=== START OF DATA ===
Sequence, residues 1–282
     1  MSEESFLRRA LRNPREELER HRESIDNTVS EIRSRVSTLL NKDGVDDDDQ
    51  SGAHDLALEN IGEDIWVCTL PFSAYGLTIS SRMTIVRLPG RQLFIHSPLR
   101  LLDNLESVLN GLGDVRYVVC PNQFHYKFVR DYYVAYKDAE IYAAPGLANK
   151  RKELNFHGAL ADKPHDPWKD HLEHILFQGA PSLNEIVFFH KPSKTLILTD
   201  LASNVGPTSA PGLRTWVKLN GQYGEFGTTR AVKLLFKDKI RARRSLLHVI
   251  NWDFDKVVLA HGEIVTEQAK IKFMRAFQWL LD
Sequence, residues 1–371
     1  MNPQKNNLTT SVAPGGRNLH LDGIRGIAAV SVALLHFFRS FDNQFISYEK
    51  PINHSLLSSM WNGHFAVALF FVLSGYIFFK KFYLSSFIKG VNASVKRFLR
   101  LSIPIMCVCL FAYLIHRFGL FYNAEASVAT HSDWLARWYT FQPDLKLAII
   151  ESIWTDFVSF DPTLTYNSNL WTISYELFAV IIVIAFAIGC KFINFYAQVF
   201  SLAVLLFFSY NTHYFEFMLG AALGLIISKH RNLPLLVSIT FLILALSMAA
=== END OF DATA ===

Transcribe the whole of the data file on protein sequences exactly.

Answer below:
Sequence, residues 1–282
     1  MSEESFLRRA LRNPREELER HRESIDNTVS EIRSRVSTLL NKDGVDDDDQ
    51  SGAHDLALEN IGEDIWVCTL PFSAYGLTIS SRMTIVRLPG RQLFIHSPLR
   101  LLDNLESVLN GLGDVRYVVC PNQFHYKFVR DYYVAYKDAE IYAAPGLANK
   151  RKELNFHGAL ADKPHDPWKD HLEHILFQGA PSLNEIVFFH KPSKTLILTD
   201  LASNVGPTSA PGLRTWVKLN GQYGEFGTTR AVKLLFKDKI RARRSLLHVI
   251  NWDFDKVVLA HGEIVTEQAK IKFMRAFQWL LD
Sequence, residues 1–371
     1  MNPQKNNLTT SVAPGGRNLH LDGIRGIAAV SVALLHFFRS FDNQFISYEK
    51  PINHSLLSSM WNGHFAVALF FVLSGYIFFK KFYLSSFIKG VNASVKRFLR
   101  LSIPIMCVCL FAYLIHRFGL FYNAEASVAT HSDWLARWYT FQPDLKLAII
   151  ESIWTDFVSF DPTLTYNSNL WTISYELFAV IIVIAFAIGC KFINFYAQVF
   201  SLAVLLFFSY NTHYFEFMLG AALGLIISKH RNLPLLVSIT FLILALSMAA